of local protectionism by focusing on IP cases. But if we find corroborative results in these cases, then it is convincing evidence for
the existence of judicial local protectionism in China.
3.2. Selection standards, procedures, and role of PSC Bulletin cases
Starting in 1985, the People’s Supreme Court has been selecting a sample of cases from different fields of law to be published
in the Bulletin of the People’s Supreme Court of China, which is the
official gazette of the People’s Supreme Court of China published
by the PSC’s administrative department, first quarterly, then bimonthly since 1999, and then monthly after 2004. The selection
1
Occasionally, the location of the suit can be the place of contract performance,
the place of payment, or the place of tort. But in the vast majority of cases, it is the
residence of the defendant that determines the location of the suit.
2
According to Article 199 of the Civil Procedure Law of the People’s Republic of
China, if a party thinks that a legally effective judgment or ruling has errors, he may
petition the people’s court at the next level for retrial. As none of the cases studied
in this paper involves retrials, we do not discuss this complex issue here.
51
procedures for the PSC Bulletin cases are as follows: Cases are first
recommended by local and provincial level courts to the editorial
board of the PSC Bulletin, based on the following criteria: the correct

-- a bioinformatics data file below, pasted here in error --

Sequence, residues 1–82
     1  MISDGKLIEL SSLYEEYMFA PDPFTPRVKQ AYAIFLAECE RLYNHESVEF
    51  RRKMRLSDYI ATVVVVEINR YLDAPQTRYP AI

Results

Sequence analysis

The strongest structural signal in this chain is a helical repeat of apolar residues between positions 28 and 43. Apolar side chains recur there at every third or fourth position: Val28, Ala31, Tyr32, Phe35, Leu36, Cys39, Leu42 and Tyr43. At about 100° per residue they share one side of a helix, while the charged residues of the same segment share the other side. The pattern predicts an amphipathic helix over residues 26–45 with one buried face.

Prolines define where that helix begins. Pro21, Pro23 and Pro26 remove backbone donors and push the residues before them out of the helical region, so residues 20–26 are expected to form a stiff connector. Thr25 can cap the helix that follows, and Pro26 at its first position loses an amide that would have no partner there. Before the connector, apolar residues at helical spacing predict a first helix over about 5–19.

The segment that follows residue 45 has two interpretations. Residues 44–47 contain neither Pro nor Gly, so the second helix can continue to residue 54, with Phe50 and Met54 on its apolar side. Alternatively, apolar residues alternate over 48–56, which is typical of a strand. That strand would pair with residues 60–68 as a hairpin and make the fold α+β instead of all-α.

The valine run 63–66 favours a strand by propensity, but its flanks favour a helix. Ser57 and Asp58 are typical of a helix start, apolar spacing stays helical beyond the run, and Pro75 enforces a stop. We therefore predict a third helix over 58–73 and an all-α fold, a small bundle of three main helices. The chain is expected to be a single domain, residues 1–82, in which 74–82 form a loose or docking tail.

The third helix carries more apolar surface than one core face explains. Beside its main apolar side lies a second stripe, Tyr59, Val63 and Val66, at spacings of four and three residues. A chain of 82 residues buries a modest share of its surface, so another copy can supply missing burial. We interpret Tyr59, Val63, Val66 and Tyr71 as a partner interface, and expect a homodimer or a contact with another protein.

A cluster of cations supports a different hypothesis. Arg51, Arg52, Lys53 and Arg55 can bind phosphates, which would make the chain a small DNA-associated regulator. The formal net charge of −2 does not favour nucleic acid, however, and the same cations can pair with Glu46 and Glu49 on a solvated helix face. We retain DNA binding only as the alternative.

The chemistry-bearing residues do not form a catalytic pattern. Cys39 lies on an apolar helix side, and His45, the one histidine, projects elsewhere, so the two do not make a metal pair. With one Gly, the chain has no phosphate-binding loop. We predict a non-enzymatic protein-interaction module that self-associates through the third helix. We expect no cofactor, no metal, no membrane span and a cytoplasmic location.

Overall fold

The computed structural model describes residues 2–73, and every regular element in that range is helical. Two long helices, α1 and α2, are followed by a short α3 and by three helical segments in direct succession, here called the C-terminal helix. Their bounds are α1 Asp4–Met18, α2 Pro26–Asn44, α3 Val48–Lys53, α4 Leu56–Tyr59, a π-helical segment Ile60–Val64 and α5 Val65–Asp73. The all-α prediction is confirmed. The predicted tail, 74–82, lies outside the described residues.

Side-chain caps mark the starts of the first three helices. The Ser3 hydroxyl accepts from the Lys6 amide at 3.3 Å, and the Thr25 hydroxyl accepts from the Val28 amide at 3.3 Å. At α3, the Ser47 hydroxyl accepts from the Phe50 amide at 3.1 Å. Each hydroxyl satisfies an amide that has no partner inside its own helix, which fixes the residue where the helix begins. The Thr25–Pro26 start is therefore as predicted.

application of the law, and the importance, complexity, or novelty of the case. The editorial board, usually consisting of former
judges and legal professionals, then conducts some preliminary
examination to toss out those cases considered unworthy of publishing, and categorizes the remaining cases into different fields
to send to the proper adjudication divisions for consideration by
judges familiar with the corresponding law. Next, the cases judged
to be appropriate are submitted to the director (or the chief judge)
of the corresponding adjudication division for approval, who then
presents the approved cases to the PSC vice chief justice in charge
of the corresponding field for confirmation.3
As a result, the cases included in the PSC Bulletin are by no means
a random sample of all the legal cases filed and adjudicated in the
Chinese court system. Instead, they cover a set of legal cases that
are most commonly encountered, most complex, or most novel.
And as the law has been correctly applied in the final ruling for all
these cases, they also demonstrate the highest standards of legal
judgments covering various areas of law in China.
This selective set of cases has significant importance to other
Chinese legal cases in general. Theoretically, there are two reasons
why local courts will need to pay close attention to these PSC cases.
First of all, the People’s Supreme Court supervises the functioning of all other courts, as stipulated by the Chinese Constitution,
and the PSC uses the rates of retrial and reversal (where the lower
court’s ruling is determined to be incorrect) as important standards for evaluating the performance of lower courts. Furthermore,
whenever there is ambiguity in the law, the PSC has the authority to provide the ultimate interpretation, hence it is important to
be consistent with the PSC. In reality, the PSC Bulletin has been
fairly timely in selecting and publishing cases that help clarify new
statutes, especially since it was published at a quarterly or monthly